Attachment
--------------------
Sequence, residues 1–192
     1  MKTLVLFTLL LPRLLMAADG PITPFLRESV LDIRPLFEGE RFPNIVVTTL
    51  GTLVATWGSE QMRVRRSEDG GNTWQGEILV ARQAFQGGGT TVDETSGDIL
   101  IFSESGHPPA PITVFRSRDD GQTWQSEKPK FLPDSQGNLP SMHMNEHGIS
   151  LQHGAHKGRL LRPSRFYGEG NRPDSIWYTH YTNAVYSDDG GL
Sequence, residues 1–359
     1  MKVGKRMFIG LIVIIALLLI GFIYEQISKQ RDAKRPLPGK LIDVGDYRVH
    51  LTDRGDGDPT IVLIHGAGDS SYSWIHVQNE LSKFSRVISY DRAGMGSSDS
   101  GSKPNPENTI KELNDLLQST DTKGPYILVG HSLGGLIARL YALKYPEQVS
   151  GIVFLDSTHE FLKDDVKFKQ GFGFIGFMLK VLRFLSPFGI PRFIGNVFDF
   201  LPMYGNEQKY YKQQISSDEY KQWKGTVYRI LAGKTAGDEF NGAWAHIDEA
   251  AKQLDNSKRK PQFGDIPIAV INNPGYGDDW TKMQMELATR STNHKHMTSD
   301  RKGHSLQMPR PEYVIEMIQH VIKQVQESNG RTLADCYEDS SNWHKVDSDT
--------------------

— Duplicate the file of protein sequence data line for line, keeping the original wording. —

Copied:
Sequence, residues 1–192
     1  MKTLVLFTLL LPRLLMAADG PITPFLRESV LDIRPLFEGE RFPNIVVTTL
    51  GTLVATWGSE QMRVRRSEDG GNTWQGEILV ARQAFQGGGT TVDETSGDIL
   101  IFSESGHPPA PITVFRSRDD GQTWQSEKPK FLPDSQGNLP SMHMNEHGIS
   151  LQHGAHKGRL LRPSRFYGEG NRPDSIWYTH YTNAVYSDDG GL
Sequence, residues 1–359
     1  MKVGKRMFIG LIVIIALLLI GFIYEQISKQ RDAKRPLPGK LIDVGDYRVH
    51  LTDRGDGDPT IVLIHGAGDS SYSWIHVQNE LSKFSRVISY DRAGMGSSDS
   101  GSKPNPENTI KELNDLLQST DTKGPYILVG HSLGGLIARL YALKYPEQVS
   151  GIVFLDSTHE FLKDDVKFKQ GFGFIGFMLK VLRFLSPFGI PRFIGNVFDF
   201  LPMYGNEQKY YKQQISSDEY KQWKGTVYRI LAGKTAGDEF NGAWAHIDEA
   251  AKQLDNSKRK PQFGDIPIAV INNPGYGDDW TKMQMELATR STNHKHMTSD
   301  RKGHSLQMPR PEYVIEMIQH VIKQVQESNG RTLADCYEDS SNWHKVDSDT